Over the last two years, Bailey Nurseries, has heard some reports of inconsistent flower production, especially in cooler climates. Although a number of factors may contribute to the consistency or inconsistency of blooms, there is no simple answer to this matter. Here are some steps consumers in cooler northern climates can take to help ensure beautiful blooms.
Location Location, location, location! Yes, that old saying is true. In Northern climates, the location of your hydrangea in the garden will have the largest impact on bloom production. The farther north you are, the more sun your plants can tolerate. In zones 4-5a we recommend planting your Hydrangeas in a location that enables them to receive at least 6 hours of sun with some dappled shade in the afternoon.

Pruning Don’t treat your Endless Summer Hydrangeas like an Annabelle Hydrangea by cutting them back in the fall or early spring. By cutting to the ground or within a few inches of the ground, most if not all of the buds on old wood are being removed. In addition, the old blooms of Endless Summer add to the winter interest of your garden. Endless Summer Hydrangeas certainly do bloom on new wood, but it may take longer for flower buds to develop on the new growth of a young plant.

Winter cover Protection for plants in the first few years is important, as is protection from spring freezes. Since Hydrangea buds emerge early in spring, late freezes may damage bud development as well as any new growth. Keeping the crown of plants covered with mulch through May helps protect these buds and any soft new growth from late spring freezes. Feeding you plant Fertilization is also an important factor in flower production of Hydrangeas. A good quality, slow-release fertilizer applied once in spring or early summer should suffice for all but the most demanding locations. Look for an NPK ratio of 10-30-10. Container plants may need an additional application of liquid fertilizer during the growing season. Remember, if you over-feed your Hydrangeas, the effect is more dark green leaf production with fewer flower buds. In the North (zone 4) we recommend no fertilization after August 15th, as plants need to slow down and acclimate for winter.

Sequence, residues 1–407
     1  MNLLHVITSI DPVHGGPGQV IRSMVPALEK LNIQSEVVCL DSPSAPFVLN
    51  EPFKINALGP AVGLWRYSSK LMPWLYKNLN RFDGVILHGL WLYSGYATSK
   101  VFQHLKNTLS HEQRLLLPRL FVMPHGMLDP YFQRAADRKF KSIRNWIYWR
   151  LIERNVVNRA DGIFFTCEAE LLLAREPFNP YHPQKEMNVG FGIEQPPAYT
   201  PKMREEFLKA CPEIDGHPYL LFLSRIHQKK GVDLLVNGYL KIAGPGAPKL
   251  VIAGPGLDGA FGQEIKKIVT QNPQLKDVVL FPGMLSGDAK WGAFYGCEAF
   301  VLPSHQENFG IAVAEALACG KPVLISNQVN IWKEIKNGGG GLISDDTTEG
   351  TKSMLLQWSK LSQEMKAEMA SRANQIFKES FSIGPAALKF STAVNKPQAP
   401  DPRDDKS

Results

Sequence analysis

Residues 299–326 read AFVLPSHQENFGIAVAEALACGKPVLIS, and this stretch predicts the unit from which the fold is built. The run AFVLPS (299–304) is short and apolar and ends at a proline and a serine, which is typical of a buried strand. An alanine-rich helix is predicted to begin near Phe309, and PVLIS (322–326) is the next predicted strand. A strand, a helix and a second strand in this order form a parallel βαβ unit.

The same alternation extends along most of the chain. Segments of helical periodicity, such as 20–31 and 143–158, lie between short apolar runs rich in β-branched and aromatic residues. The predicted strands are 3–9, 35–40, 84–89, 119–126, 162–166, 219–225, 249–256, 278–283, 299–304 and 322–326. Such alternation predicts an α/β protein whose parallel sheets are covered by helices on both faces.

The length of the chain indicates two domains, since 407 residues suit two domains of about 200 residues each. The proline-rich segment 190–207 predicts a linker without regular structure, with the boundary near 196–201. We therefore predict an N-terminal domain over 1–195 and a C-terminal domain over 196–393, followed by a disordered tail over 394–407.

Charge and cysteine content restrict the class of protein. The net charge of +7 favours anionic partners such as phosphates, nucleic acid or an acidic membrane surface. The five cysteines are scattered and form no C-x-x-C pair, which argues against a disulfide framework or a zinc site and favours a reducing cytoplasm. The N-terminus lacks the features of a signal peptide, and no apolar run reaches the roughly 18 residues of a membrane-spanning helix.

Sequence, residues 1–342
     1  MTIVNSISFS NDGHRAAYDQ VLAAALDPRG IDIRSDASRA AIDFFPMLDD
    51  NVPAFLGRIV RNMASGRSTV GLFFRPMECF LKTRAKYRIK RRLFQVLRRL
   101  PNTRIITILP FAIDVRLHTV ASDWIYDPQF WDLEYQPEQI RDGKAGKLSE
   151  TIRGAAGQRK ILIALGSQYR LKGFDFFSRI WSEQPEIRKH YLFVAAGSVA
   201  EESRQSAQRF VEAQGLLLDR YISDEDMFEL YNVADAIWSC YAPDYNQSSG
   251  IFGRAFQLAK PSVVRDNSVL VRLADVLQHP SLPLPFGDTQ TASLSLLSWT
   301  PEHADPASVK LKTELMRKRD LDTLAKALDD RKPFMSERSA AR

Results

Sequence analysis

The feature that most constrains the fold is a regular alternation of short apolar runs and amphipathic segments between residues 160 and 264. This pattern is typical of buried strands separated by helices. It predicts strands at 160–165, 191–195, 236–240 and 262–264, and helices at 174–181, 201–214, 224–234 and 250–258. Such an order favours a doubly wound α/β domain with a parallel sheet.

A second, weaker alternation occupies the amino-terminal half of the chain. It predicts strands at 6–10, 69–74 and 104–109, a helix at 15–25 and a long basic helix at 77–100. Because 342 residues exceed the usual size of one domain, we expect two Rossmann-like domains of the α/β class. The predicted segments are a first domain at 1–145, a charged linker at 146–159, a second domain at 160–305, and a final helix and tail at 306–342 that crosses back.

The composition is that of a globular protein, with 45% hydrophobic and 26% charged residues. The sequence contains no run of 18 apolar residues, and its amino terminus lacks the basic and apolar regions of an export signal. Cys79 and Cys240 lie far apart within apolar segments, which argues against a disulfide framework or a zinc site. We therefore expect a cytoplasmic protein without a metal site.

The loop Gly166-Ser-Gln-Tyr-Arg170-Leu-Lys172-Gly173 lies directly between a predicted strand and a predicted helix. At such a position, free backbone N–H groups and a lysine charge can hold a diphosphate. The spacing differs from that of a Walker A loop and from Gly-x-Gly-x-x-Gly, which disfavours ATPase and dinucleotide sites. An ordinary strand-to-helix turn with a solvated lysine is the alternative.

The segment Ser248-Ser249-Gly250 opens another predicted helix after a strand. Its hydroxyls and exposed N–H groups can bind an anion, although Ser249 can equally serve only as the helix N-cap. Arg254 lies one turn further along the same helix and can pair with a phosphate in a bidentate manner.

Watering The amount you water is one more factor you can regulate to ensure beautiful blooms. Although Hydrangeas are named after “Hydra”, Greek for water, your hydrangeas will form large leaves, lots of green growth and few flower buds if over- watered. Over-watering may slow the formation of flowers considerably. It’s normal for plants to wilt for a short time in the heat of the day. You’re better off to water well and less often, than giving a little all the time.

For more info on Endless Summer Hydrangea visit the Web site